Aliens, by Albert W. Vogt III

Yes, I am reviewing Aliens and not Alien. No, that is not typo (other than me just using a double negative). It has been a long time since I saw the original 1979 horror classic. That one is of the slow-moving variety, and I remember watching it when I was younger and finding it difficult to get through the first hour or so. One of these days I will go back and view it. Still, Aliens is one of those rare, worthy sequels that ratchets up the concepts of its predecessor and maintains fidelity to the absolute panic felt by the characters.

Here is the basic concept of the Alien franchise: there is a race of semi-sentient, insect-like creatures that propagate their species by laying eggs that hatch these smaller face-huggers that implant their seeds into an unwilling host. Later these seeds burst from the chests of their human carriers in a gruesome manner, and you are left with a baby alien ready to wreak havoc on the frightened space freighter crew (or whoever else might be dealing with them from sequel to sequel). In the original, just one alien kills nearly an entire crew, save for series stalwart Ripley (Sigourney Weaver). In the 1986 film, Ripley is a part of a space marines unit sent to deal with what turns out to be an entire colony full of the beasts, complete with a giant, menacing queen. There are many movies that deal with these aliens, but the basic idea is that humans must survive being put into situations with these things that are bent on either using them as organic birthing pods, or just outright murder.

What makes Aliens enjoyable for me is that it features a few concepts with which I connect. The first of these is the idea of technology being virtually useless in the face of raw, primitive, brute force. As the space marines arrive at the colony, Private Hudson (Bill Paxton) attempts to calm Ripley’s nerves at the prospect of dealing with a foe she so narrowly escaped once before by reminding her of the awesome, advanced firepower they have at their command. Yet when they find the deceased colonists en masse, all their weaponry is rendered useless as the aliens end up killing a little over half of the marines and destroy their drop ship, their (as it seemed at the time) one way off the planet and away from total annihilation. In order to survive (and even still, all but three (four if you count the android) die), they have to rely on the bonds formed by teamwork and friendships forged in difficult situations. This is something that each character comes to realize, in their own way.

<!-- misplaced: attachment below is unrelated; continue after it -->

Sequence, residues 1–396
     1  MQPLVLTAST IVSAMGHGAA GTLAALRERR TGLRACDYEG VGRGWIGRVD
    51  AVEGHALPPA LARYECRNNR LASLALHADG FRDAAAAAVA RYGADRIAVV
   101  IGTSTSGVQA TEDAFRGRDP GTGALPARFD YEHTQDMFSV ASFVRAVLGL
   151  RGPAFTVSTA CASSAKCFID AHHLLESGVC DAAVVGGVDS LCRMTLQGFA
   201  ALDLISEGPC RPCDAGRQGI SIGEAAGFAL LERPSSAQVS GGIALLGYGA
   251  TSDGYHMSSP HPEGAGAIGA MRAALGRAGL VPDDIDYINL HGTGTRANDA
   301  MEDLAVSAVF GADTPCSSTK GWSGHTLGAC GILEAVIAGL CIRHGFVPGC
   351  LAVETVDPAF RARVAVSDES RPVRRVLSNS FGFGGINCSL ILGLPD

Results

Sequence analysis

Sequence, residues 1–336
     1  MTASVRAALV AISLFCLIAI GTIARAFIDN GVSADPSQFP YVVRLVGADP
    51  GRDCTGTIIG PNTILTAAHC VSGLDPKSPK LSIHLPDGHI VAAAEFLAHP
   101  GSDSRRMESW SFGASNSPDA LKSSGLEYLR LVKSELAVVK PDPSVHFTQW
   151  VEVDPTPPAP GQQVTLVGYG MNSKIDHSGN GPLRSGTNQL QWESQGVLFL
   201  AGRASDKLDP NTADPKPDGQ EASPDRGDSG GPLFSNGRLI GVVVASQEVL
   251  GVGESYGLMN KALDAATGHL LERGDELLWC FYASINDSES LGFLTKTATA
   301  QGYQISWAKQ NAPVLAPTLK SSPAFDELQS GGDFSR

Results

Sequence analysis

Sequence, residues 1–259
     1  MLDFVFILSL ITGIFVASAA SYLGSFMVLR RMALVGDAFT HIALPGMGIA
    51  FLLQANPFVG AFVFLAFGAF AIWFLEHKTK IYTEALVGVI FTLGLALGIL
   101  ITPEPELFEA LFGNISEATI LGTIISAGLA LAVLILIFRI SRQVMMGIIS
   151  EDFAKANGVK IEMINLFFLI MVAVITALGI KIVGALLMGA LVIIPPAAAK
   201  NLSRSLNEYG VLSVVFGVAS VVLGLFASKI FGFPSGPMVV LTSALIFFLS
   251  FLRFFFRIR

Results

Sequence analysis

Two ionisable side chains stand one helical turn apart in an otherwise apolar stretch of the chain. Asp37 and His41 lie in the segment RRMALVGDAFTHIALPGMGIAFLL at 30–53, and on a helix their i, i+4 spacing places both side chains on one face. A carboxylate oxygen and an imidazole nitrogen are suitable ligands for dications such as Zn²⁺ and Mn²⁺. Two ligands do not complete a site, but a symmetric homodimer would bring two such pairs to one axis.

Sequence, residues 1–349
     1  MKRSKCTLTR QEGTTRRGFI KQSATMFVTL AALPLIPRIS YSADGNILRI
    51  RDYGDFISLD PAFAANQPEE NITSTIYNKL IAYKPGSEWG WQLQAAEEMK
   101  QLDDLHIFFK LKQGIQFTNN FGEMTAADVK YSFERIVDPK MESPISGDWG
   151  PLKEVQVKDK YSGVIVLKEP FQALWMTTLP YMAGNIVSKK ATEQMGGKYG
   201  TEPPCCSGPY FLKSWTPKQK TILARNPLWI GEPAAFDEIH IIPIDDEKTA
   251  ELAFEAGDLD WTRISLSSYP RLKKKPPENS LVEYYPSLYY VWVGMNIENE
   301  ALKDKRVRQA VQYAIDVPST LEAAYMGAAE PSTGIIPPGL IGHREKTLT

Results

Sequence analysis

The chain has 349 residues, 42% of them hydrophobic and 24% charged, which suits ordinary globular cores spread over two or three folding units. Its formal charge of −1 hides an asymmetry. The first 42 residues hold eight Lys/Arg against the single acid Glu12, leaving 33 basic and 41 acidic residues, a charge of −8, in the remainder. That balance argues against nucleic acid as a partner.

Another idea that draws me to this film is Ripley’s desire to be a mother to Newt (Carrie Henn), the young girl who is also the sole survivor of the colony’s population. This is set up earlier in the film when Ripley learns of her biological daughter’s death due to old age, which occurred while she floated through space following her escape at the end of the previous film. When Ripley encounters Newt, her instincts take over. Her determination to protect the girl at all costs, even venturing into the queen’s lair on the verge of its destruction due to an imminent nuclear meltdown, had me rooting for her the entire way. I will not make the comparison to the Virgin Mother here. To say the least, it is hard to picture the Mother of Jesus gritting her teeth and clutching an automatic rifle as it spits hot led into an alien insect nest. Nonetheless, a mother who is willing to lay down her life for her loved ones is a Christian ideal, and one that is very important this weekend.

Aliens is a tense but violent film, so proceed with caution. The threat of looming death permeates the entire runtime, and you get the sense that none of the characters are immune to it. The heroism shown by Ripley is admirable, particularly in defense of Newt. This is another to view after you have put the kids to bed, though if you are prone to nightmares you might want to avoid it. But if you are in the mood for a fast paced, science fiction thriller, then check it out.

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